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Publication numberUS5331621 A
Publication typeGrant
Application numberUS 07/983,423
Publication dateJul 19, 1994
Filing dateDec 2, 1992
Priority dateDec 4, 1991
Fee statusLapsed
Also published asCA2084324A1, CA2084324C, DE69222399D1, DE69222399T2, EP0545735A1, EP0545735B1
Publication number07983423, 983423, US 5331621 A, US 5331621A, US-A-5331621, US5331621 A, US5331621A
InventorsTakahiro Miyake, Yoshio Yoshida, Katushiro Kubo, Tetsuo Ueyama, Yukio Kubata
Original AssigneeSharp Kabushiki Kaisha
Export CitationBiBTeX, EndNote, RefMan
External Links: USPTO, USPTO Assignment, Espacenet
Optical pickup apparatus and a hologram element used for same
US 5331621 A
Abstract
An optical pickup apparatus including a light emitting source, a hologram element for scanning a recording medium with light beams emitted from the light emitting source, a hologram lens for focusing the light beams introduced from the hologram element on the recording medium, an optical detector for detecting the light beams reflected from the recording medium, and a first optical system for directing the light beams reflected from the recording medium to the optical detector. The hologram element includes an optical diffraction grating for diffracting the light beams emitted from the light emitting source and a control means for controlling the rotation of the hologram element in a swinging manner. The hologram element can have hologram gratings on both surfaces thereof; one of them has a pattern of straight lines and the other has a pattern of concentric circles to obtain a widened deflection angle.
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Claims(16)
What is claimed is:
1. An optical pickup apparatus comprising:
a light emitting means for emitting light beams;
an optical scanning means for scanning a recording medium with said light beams;
a hologram lens located between said optical scanning means and said recording medium for focusing said light beams at a point on said recording medium;
an optical detector for detecting the light beams reflected from said recording medium; and
a first optical system for directing the light beams reflected from said recording medium to said optical detector;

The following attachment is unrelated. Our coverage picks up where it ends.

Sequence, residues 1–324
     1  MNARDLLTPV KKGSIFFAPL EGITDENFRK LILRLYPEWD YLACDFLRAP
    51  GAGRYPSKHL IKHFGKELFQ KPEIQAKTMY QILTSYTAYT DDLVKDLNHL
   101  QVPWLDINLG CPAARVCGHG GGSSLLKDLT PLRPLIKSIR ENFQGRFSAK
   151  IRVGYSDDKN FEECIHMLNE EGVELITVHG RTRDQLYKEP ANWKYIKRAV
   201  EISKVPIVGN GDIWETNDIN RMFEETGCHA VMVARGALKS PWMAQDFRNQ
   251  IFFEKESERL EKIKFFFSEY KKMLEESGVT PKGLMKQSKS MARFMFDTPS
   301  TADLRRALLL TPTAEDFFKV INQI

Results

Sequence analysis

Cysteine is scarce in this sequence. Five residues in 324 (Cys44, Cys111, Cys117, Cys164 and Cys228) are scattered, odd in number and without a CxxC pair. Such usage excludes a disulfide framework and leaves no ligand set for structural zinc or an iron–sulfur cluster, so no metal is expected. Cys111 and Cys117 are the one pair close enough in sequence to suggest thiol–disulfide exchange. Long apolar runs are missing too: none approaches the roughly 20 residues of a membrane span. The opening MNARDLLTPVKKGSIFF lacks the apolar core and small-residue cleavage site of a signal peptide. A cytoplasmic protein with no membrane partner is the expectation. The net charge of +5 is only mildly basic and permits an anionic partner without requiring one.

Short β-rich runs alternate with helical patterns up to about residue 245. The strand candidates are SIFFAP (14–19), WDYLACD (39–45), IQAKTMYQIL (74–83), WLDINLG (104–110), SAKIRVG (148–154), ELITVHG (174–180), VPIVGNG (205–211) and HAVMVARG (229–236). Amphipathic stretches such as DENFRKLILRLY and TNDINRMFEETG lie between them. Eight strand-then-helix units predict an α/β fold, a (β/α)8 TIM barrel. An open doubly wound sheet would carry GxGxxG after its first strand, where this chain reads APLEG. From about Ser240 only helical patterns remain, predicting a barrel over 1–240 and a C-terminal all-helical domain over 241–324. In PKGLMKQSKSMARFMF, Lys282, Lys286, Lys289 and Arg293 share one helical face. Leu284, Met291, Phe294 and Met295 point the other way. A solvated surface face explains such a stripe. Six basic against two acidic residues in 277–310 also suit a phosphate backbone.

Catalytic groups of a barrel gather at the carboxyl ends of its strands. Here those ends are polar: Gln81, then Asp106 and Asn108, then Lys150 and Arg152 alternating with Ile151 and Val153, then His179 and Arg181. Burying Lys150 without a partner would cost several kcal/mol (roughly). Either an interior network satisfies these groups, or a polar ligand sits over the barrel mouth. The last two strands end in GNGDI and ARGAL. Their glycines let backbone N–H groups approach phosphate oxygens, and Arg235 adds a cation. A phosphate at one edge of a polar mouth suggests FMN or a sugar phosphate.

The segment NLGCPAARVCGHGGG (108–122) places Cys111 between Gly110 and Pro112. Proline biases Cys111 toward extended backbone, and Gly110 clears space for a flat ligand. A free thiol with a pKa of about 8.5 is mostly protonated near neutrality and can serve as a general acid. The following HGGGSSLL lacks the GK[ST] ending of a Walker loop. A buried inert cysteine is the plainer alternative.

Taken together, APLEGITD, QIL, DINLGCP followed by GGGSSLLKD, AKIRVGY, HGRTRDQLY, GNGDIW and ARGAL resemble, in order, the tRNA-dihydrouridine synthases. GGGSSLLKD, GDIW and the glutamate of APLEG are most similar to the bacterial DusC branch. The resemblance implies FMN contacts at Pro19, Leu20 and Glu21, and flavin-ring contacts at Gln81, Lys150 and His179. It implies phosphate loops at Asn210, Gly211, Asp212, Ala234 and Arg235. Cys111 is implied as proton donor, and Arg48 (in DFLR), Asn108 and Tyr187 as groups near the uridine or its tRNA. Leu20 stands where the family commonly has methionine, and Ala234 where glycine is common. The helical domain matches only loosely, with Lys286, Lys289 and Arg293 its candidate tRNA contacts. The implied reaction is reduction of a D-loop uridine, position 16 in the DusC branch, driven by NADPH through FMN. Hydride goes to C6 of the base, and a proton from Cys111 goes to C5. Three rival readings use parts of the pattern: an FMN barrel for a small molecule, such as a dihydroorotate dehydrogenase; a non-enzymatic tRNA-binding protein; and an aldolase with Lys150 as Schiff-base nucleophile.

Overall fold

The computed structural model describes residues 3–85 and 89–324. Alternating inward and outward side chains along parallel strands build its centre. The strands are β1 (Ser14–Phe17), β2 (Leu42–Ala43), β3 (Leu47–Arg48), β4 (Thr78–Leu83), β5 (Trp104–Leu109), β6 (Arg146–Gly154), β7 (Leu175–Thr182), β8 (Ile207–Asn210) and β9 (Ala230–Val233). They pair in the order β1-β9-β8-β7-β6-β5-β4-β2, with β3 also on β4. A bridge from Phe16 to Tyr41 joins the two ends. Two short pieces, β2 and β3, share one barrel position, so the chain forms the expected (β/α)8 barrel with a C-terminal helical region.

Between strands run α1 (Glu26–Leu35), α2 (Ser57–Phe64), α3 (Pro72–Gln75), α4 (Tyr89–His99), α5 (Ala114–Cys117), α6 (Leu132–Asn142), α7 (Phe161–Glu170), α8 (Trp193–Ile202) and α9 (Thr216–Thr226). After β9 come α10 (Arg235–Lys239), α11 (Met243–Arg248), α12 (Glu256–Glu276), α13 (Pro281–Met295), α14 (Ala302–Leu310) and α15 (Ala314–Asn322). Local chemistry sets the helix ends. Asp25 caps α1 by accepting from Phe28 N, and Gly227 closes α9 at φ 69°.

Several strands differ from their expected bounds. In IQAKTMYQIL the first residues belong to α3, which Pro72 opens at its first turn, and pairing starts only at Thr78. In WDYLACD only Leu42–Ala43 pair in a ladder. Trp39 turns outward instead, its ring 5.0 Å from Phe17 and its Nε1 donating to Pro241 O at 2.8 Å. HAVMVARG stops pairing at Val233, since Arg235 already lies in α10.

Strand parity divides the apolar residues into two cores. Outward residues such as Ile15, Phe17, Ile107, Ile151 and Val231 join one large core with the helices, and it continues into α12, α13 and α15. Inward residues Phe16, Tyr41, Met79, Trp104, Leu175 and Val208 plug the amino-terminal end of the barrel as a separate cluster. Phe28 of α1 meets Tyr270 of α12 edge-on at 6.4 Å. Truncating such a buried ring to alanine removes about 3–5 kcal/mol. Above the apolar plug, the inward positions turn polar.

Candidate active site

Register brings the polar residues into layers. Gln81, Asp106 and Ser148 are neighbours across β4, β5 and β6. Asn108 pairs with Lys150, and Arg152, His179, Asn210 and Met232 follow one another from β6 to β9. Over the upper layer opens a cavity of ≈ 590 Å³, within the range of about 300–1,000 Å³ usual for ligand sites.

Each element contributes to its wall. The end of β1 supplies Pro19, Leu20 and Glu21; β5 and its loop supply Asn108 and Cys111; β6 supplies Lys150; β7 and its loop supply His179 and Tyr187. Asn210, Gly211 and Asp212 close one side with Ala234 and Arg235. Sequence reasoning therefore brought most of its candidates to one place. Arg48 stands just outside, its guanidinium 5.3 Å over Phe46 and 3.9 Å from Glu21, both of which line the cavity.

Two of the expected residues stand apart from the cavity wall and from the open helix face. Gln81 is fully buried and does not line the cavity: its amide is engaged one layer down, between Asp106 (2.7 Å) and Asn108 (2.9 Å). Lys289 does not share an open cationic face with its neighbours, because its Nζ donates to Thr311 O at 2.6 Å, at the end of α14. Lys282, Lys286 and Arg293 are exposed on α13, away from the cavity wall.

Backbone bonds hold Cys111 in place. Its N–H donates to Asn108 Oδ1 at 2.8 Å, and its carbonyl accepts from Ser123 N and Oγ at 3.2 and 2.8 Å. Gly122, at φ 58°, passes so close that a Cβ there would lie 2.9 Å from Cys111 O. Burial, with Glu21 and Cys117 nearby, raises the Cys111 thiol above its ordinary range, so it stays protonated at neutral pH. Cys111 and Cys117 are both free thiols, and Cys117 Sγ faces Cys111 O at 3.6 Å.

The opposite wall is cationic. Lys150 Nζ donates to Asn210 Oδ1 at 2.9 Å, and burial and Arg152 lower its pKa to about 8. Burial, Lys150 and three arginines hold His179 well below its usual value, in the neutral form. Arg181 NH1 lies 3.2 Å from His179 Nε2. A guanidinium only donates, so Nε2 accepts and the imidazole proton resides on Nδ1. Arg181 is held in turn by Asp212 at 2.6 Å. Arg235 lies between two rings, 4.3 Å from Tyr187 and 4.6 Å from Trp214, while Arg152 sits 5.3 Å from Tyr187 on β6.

wherein said optical scanning means comprises an optical diffraction means for diffracting the light beams emitted from said light emitting means and a control means for controlling the rotation of said optical diffraction means.
2. An optical pickup apparatus according to claim 1, further comprising a second optical system for directing the light beams emitted from said light emitting means to said optical scanning means.
3. An optical pickup apparatus according to claim 1, further comprising a third optical system for directing the light beams diffracted from said optical scanning means toward said recording medium.
4. An optical pickup apparatus according to claim 1, wherein said optical diffraction means is a hologram element.
5. An optical pickup apparatus according to claim 4, wherein said hologram element comprises a grating for correcting an aberration caused by the change of the wavelength of the light beams when the light beams emitted from said light emitting means are focused on said recording medium.
6. An optical pickup apparatus according to claim 4, wherein said hologram element functions as a concave lens for diverging said light beams.
7. An optical pickup apparatus according to claim 1, wherein said optical diffraction means is a hologram element, said hologram element and said hologram lens being arranged so that the direction of the diffracted light axis at said hologram element is reverse of that at said hologram lens.
8. An optical pickup apparatus according to claim 1, further comprising a galvano-mirror for the tracking control for radiating the light beams to a right track on said recording medium, said galvano-mirror being disposed between said light emitting means and said optical scanning means.
9. An optical pickup apparatus according to claim 1, further comprising a relay lens arrangement for the focusing control, said relay lens arrangement being disposed between said light emitting means and said optical scanning means.
10. An optical pickup apparatus according to claim 1, wherein said control means comprises a motor for the precision control of said optical diffraction means and a rotary encoder for detecting the amount of the rotation of said motor.
11. An optical pickup apparatus according to claim 10, wherein said motor is a pulse motor.
12. An optical pickup apparatus according to claim 10, wherein said motor is an ultrasonic motor.
13. An optical pickup apparatus according to claim 1, wherein a transmittance of a p-polarized light of said hologram lens is higher than a transmittance of an s-polarized light of said hologram lens.